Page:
This anti-racist resource is an important step towards combatting racism and discrimination through policies, practices and procedures within the NHS and achieving sustainable change.Professor Stephani Hatch, Principal Investigator of the TIDES study at King’s IoPPN and senior author of the report
09 November 2022
New report guides the development of an anti-racist practice resource for NHS staff
Researchers at the Institute of Psychiatry, Psychology & Neuroscience (IoPPN) at King’s College London, South London and Maudsley NHS Foundation Trust and Queen Mary University of London reviewed existing evidence on anti-racist practices and outlined actionable steps to inform a new NHS resource for nurses and midwives.
The report, commissioned by the NHS Confederation and led by the Tackling Inequalities and Discrimination Experiences in health Services (TIDES) team, reviewed existing research on how anti-racist practices can be developed and what works in the context of healthcare workforce settings.
The findings informed the development of the new NHS England resource: Combatting racial discrimination against minority ethnic nurses, midwives and nursing associates, published last week (3 November 2022). The resource is designed to help nurses, midwives and nursing associates recognise and challenge racial discrimination. It also supports those in leadership roles to be inclusive leaders.
Researchers critically reviewed the available evidence on how workplace culture, policies and procedures can reinforce racial discrimination, and how this can reduce the quality of care delivered to racial minority individuals and communities by NHS nurses and midwives.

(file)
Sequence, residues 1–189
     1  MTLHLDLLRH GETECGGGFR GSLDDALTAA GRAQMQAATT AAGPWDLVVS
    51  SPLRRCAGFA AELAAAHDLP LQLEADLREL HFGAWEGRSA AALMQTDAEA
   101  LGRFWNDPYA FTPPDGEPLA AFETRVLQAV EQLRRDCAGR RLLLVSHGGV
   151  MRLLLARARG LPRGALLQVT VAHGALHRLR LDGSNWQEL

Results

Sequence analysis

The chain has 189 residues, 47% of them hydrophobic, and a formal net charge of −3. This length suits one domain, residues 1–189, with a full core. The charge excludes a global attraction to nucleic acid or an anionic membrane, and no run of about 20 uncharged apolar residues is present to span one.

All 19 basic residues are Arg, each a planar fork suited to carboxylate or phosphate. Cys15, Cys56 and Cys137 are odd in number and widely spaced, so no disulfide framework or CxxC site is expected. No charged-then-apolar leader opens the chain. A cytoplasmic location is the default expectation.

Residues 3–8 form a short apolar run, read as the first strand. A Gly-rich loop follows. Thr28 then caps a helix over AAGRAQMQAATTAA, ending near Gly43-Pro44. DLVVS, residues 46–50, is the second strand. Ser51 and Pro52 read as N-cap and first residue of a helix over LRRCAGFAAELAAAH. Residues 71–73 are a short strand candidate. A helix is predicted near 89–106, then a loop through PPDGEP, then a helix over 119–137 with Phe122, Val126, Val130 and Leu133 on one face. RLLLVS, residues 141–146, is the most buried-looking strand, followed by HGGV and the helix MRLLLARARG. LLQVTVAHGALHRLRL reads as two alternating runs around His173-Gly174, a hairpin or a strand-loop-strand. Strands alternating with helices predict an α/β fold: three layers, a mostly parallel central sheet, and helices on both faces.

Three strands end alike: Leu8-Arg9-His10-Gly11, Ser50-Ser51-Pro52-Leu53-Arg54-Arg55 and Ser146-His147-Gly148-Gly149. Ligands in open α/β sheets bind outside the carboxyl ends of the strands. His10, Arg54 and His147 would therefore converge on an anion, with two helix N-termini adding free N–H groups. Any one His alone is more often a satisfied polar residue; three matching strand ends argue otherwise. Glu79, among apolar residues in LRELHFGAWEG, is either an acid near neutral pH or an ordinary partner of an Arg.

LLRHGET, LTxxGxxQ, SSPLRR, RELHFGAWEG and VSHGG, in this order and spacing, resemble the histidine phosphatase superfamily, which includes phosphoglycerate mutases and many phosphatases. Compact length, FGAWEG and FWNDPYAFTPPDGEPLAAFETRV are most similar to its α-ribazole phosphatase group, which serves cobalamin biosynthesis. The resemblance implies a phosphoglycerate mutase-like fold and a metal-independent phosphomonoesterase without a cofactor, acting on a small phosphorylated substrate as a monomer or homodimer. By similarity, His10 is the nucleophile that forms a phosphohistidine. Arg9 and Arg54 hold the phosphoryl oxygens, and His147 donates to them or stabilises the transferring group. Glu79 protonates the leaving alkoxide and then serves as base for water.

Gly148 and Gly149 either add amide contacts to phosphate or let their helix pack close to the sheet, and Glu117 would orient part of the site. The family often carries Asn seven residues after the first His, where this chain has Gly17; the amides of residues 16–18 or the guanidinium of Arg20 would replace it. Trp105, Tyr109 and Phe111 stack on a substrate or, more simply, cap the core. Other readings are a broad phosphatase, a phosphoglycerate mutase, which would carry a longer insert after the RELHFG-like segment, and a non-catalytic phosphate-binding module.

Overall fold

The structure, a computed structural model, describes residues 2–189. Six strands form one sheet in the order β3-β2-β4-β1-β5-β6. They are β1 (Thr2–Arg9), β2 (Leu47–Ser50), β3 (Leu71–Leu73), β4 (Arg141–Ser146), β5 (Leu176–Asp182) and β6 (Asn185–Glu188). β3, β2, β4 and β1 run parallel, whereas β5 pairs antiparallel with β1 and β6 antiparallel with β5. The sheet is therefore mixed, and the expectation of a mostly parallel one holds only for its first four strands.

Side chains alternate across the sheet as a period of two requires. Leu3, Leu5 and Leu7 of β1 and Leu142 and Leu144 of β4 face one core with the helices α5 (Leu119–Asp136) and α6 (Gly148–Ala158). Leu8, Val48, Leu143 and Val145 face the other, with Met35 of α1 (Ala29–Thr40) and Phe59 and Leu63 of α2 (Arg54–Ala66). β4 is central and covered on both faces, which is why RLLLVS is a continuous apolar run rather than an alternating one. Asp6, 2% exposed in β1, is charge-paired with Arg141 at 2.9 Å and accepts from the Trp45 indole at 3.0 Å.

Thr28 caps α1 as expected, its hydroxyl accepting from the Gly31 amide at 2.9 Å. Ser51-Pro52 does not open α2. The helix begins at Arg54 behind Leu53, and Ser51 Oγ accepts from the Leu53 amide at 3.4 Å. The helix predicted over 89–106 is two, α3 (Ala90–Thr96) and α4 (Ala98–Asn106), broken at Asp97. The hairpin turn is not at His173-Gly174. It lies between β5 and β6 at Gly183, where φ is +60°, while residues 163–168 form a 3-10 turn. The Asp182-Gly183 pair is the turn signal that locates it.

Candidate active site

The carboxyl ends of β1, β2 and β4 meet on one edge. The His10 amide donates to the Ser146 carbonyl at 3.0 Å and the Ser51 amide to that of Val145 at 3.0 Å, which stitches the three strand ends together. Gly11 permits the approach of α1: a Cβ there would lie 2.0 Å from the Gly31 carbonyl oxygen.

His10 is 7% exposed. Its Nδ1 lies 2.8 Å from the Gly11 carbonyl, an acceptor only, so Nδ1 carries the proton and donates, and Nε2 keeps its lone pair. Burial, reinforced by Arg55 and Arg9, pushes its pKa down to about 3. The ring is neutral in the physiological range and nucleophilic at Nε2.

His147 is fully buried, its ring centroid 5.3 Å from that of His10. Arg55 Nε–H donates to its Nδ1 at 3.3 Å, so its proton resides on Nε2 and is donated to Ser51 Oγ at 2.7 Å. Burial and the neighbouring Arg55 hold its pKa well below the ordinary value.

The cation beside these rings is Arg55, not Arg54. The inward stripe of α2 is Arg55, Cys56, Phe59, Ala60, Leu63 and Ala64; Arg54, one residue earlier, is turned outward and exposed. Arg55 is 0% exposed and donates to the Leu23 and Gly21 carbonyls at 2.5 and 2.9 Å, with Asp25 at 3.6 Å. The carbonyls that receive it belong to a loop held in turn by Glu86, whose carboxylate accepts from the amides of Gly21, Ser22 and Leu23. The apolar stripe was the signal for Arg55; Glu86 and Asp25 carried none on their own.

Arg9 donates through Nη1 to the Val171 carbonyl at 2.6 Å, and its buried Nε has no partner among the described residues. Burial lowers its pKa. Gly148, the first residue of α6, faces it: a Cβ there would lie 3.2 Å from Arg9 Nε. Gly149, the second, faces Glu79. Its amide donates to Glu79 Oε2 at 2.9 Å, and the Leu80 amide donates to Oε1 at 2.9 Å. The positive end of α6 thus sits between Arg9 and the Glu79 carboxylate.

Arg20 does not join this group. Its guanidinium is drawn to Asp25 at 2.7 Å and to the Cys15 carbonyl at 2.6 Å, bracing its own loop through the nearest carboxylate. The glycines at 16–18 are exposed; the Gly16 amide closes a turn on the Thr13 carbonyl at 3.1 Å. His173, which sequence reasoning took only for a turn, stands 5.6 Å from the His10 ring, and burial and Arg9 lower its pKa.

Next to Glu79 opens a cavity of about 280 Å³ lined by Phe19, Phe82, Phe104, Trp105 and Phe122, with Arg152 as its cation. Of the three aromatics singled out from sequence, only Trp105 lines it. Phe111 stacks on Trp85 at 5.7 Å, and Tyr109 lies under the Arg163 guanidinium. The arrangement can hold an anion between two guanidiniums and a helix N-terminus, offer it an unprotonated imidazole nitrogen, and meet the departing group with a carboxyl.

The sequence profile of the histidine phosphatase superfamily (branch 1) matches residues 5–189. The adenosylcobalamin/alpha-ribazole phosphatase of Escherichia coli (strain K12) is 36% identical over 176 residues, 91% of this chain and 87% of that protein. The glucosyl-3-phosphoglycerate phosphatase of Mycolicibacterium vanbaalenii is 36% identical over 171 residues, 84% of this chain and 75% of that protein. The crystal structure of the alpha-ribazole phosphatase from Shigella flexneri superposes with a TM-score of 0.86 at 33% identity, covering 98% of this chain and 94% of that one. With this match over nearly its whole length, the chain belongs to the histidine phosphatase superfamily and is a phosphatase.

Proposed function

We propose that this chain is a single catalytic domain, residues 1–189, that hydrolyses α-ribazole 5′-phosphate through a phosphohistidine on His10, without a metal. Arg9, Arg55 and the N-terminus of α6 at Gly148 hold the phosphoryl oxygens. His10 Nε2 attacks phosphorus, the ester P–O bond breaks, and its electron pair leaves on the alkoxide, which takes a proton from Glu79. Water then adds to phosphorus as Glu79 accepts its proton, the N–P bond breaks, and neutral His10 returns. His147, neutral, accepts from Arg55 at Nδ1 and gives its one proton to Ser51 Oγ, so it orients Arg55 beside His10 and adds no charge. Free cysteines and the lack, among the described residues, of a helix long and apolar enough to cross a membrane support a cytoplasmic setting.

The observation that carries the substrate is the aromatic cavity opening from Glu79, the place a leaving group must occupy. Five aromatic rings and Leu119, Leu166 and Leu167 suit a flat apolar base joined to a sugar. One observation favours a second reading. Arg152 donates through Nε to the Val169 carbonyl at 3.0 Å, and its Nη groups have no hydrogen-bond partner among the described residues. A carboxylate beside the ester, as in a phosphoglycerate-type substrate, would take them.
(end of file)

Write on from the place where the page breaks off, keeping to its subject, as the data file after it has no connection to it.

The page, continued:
Using the analysis findings, they created a nursing and midwifery anti-racism resource framework made up of six key concepts to support anti-racist practice in the healthcare workforce:
- Recognise and challenge racism
- Caring and belonging
- Challenging leadership
- Authentic inclusion
- Internationally educated, trained and recruited nurses
The framework, which incorporated the insights of experienced nurses, midwives and NHS leaders, as well as the findings of the evidence review, is provided within the NHS resource.
The report also outlines policy recommendations, provides examples from healthcare practice, and proposes practical actions that professional codes of practice can use to develop a resource for frontline nurses and midwives to integrate good anti-racist practice into their work.
The TIDES study investigates how discrimination experienced by both patients and healthcare practitioners may generate and perpetuate inequalities in health and health service use.
Phase 1, funded by Wellcome, aims to identify inequalities in health service use and explore discrimination by both healthcare practitioners and patients. Phase 2, funded by the Economic and Social Research Council (ESRC) as part of the UK Research and Innovation’s rapid response to COVID-19, focuses on examining the impact of COVID-19 on inequalities by ethnic minority people working in health and social care.
Earlier this year, Professor Stephani Hatch gave evidence to House of Commons Joint Committee on the Draft Mental Health on addressing racial and ethnic inequalities in the Mental Health Act.
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